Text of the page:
Coming into the Cheltenham Festival on the back of a positive performance or even a win last time out may be seen as a necessity, but that’s not completely true when it comes to the handicaps.
The 11 races of their kind at the Prestbury Park showpiece have seen just 30 per cent of their winners start the race as last time out winners since 2011.
In fact, only around half of the horses winning the handicaps during the March week even finished in the first three on their previous start.
With that in mind, it could be that there are horses lurking down the betting ahead of some of the Festival races who might be well-handicapped to go well.
We’ve picked out three horses who could be capable of running better than their official rating suggests…
Just two starts ago Noel Meade’s seven-year-old was finishing third in the Greatwood Hurdle at Prestbury Park, but two poor runs since mean he could take his chance in the County Hurdle off that same mark.
The form of that race has worked out well with winner Old Guard going on to take the International Hurdle, while Renneti who was behind in fourth was subsequently placed in the Ladbroke Hurdle.
The Meade yard has endured a quiet few months, so if the stable can step out of the doldrums in time for the Festival, they could have a well-rated sort who could deliver for owner JP McManus who is known to have one pop up in a handicap or two over the course of the week.
You have to go back to 2005 for the last winner of this race to have won on the back of success elsewhere, making it the perfect contest for a horse to win at tasty odds.
Paul Nicholls’ gelding was pitched in at the deep end for his handicap debut in the Paddy Power Gold Cup, travelling strongly throughout.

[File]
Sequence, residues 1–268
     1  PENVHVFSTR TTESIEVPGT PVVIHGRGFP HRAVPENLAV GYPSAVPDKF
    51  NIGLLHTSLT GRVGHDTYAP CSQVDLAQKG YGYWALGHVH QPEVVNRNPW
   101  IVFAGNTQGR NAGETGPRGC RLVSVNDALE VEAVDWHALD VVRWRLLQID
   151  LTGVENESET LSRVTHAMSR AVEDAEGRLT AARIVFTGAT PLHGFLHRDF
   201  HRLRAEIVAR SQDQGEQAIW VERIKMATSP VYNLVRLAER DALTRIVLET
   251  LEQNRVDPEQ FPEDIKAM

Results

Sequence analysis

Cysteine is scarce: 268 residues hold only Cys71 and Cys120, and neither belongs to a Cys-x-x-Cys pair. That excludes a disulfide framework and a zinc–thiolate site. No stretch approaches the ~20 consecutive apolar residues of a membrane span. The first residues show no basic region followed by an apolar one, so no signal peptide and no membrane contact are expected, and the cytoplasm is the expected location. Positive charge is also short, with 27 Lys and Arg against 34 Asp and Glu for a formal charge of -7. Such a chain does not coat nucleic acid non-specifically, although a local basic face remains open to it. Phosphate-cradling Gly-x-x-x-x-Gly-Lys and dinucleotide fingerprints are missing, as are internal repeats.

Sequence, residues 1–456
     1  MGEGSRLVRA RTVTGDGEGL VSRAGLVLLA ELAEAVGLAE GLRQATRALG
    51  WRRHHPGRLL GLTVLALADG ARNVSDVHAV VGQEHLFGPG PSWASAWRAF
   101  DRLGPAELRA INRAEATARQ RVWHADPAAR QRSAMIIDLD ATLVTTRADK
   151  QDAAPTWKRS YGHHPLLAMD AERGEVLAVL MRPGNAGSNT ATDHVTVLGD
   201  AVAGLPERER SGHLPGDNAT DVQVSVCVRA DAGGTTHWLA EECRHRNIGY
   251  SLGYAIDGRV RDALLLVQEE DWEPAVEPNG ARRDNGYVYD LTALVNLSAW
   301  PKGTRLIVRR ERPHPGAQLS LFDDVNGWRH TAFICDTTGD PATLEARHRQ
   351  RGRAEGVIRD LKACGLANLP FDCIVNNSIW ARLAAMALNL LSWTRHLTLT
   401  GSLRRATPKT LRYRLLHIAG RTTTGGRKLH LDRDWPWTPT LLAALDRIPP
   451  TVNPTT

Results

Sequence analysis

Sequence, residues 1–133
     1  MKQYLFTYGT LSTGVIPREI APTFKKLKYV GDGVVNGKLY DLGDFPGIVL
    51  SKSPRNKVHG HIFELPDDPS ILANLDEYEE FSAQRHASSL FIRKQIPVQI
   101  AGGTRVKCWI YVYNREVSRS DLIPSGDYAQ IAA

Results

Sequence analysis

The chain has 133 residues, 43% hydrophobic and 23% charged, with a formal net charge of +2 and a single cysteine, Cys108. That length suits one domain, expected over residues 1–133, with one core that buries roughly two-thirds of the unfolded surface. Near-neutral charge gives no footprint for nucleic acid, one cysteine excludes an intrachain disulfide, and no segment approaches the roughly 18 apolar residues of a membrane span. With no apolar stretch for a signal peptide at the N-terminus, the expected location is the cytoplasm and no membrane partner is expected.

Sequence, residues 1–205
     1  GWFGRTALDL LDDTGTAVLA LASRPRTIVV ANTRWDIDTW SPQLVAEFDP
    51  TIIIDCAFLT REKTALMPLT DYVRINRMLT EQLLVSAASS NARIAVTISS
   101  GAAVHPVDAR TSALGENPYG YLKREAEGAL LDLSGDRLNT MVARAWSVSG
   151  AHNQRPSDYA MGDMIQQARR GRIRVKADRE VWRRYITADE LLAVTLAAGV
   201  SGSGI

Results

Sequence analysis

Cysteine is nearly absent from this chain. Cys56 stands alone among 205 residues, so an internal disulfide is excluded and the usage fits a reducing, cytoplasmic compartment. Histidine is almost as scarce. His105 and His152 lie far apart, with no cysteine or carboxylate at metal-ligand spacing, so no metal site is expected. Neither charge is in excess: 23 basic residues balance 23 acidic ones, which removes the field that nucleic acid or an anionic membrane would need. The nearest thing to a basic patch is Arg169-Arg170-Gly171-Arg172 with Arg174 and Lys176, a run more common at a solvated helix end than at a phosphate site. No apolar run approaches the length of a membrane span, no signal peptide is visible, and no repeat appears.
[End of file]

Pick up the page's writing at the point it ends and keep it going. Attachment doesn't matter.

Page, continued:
He failed to quicken up the straight, eventually finishing sixth in a respectable run. A subsequent disappointing performance over course and distance can be taken with a pinch of salt as it came on unsuitably soft ground.
On a better surface, off a three pound lower mark the six-year-old could run a big one at a track he has triumphed at before.
A two-mile contest on decent ground looks to be the ideal conditions for Philip Hobbs’ gelding, but unfortunately for connections he doesn’t seem to have faced them in nearly a year.
The way in which he faded last time out on soft ground over two-miles three-furlongs to finish a well-beaten sixth suggested that both a step back in trip and a return to a sounder surface would help.
His fourth at Newbury over two-miles behind Grey Gold was a solid performance with third place Pearl’s Legend winning since, but his only triumph of fences came at Perth last April.
He’s now rated just one pound above that rating and with his trainer enjoying a season to remember could return defy his mark if Prestbury Park avoids any substantial precipitation in March.
All Odds and Markets are correct as of the date of publishing.
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